demand collocations and examples

 UK /dɪˈmɑːnd/

Explore meanings in the Dictionary
1

a very firm statement that you want something


Adjectives frequently used with demand
urgent: insistent, urgentThe dentist was relatively inexperienced and found it difficult to resist Mr M’s insistent demand for treatment.unreasonable: unrealistic, unreasonableSpecial educators are often overworked and face many unrealistic demands.
Verbs frequently used with demand
make a demand: makeThe group made a demand for full equality.satisfy or try to satisfy someone’s demands: accede to, accommodate, agree to, comply with, meet, respond to, satisfyTo meet the demands for improved housing conditions we have developed a new Private Sector Renewal Strategy.refuse a demand: reject, resistEmployers resisted the demand for paid educational leave.
2

the things that need to be done, usually things that are difficult [always plural]


Adjectives frequently used with demand
great or too great: enormous, excessive, heavy, hugeIn Britain, by comparison with other countries, the teaching demands are excessive.that cannot all be satisfied: competing, conflictingThe aim of this service is to assist the athlete to integrate all of the competing demands of their life.changing or growing: changing, growing, increasingStaff are failing to cope with the increasing demands being placed on them.
Verbs frequently used with demand
make demands: impose, make, placeThe more complex the score, the greater the demands made on the players.deal with demands: accommodate, adapt to, balance, cope with, deal with, handle, juggle, meetTraining days are also kept short to accommodate the demands of childcare.
3

the amount of a product or service that people want


Adjectives frequently used with demand
increasing: ever-growing, ever-increasing, growing, increasing, rising, soaringClimate change is leading to an increasing demand for water.falling: declining, fallingFalling demand creates tension between firms e.g. during an economic downturn.large: great, heavy, high, huge, peak, strongShort loan items are in heavy demand and can be booked by other students.not satisfied: pent-up, unmet, unsatisfiedThe warmer first half of May allowed pent-up demand for spring/summer ranges to translate into sales.large enough: sufficientWe can lay on extra buses if there is sufficient demand.too large: insatiable, overwhelming, unprecedentedlarger than ever before: unprecedentedThere was an unprecedented demand for tickets for the event.types of demand: domestic, global, worldOutput will meet domestic demand, although there may be surplus quantities for export.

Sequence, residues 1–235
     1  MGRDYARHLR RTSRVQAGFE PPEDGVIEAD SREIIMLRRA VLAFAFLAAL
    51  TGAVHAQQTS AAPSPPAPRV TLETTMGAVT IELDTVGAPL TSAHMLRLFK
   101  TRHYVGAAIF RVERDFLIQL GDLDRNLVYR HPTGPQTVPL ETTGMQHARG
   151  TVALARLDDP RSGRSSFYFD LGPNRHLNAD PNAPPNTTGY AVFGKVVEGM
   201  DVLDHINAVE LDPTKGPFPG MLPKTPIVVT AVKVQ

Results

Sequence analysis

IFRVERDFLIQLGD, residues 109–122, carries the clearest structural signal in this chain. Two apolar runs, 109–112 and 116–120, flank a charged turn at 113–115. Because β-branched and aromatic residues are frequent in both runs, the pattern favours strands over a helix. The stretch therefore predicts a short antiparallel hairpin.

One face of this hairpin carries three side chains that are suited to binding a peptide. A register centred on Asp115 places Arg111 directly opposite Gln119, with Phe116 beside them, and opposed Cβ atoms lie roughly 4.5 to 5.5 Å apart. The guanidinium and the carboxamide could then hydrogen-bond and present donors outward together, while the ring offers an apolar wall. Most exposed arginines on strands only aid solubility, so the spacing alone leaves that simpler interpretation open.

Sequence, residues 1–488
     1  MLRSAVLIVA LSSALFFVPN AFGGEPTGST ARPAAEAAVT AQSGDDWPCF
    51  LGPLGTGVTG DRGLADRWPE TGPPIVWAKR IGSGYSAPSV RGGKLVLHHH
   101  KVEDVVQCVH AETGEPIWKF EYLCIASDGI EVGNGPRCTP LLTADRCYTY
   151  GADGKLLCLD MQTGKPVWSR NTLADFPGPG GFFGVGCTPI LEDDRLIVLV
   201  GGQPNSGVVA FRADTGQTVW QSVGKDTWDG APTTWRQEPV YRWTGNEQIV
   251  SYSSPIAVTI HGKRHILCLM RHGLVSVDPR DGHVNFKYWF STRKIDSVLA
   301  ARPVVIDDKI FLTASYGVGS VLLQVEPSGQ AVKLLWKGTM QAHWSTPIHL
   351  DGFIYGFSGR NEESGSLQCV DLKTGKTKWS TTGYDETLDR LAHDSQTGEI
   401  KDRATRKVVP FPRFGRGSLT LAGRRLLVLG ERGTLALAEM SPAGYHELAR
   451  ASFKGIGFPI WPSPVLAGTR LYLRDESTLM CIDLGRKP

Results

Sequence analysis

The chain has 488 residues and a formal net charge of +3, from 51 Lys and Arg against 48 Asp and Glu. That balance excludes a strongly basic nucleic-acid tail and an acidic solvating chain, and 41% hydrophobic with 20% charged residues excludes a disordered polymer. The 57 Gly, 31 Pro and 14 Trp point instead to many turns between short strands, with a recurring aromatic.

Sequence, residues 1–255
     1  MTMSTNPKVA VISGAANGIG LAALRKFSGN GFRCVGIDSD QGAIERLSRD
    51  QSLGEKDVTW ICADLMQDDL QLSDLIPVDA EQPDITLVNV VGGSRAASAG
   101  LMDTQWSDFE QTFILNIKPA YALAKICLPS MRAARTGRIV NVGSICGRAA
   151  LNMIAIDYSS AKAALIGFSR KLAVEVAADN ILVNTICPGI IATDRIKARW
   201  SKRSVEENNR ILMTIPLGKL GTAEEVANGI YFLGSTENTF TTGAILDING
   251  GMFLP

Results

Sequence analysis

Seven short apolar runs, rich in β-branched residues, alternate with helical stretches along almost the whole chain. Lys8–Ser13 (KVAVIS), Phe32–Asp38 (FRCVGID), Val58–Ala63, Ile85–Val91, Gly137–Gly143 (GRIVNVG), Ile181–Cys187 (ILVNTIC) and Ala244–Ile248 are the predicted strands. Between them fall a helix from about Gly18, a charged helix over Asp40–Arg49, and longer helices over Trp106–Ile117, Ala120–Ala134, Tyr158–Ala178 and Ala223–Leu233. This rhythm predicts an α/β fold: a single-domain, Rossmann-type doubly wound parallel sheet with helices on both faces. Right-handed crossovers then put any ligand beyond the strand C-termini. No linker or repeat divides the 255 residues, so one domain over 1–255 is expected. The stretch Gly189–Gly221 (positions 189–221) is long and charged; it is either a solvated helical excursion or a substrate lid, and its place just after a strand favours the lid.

Nouns frequently used before demand
from particular people: client, consumer, customer, passengerFast increasing consumer demand is being met with wider availability.
Verbs frequently used with demand
satisfy demand: accommodate, cope with, fulfil, meet, satisfyThey always ensured adequate stock was available in their warehouses to satisfy demand.increase demand: fuel, stimulateSo what is fuelling this demand for more energy production?reduce demand: dampen, reduceBy recovering textiles, merchants are reducing the demand for virgin resources.predict demand: anticipate, forecastSurveys were also used to forecast demand and assist in the development of government policy.control demand: manageWe are developing ideas to manage growing demand in the longer term.
Verbs that frequently follow demand
increase: grow, increase, rise, soarWe cannot guarantee immediate supply if demand is growing.be greater than: exceed, outstripDemand far outstrips supply for this product in Europe, Africa and Asia.fall: fallPlantings of red grapes declined in the 1970s as demand fell.
 
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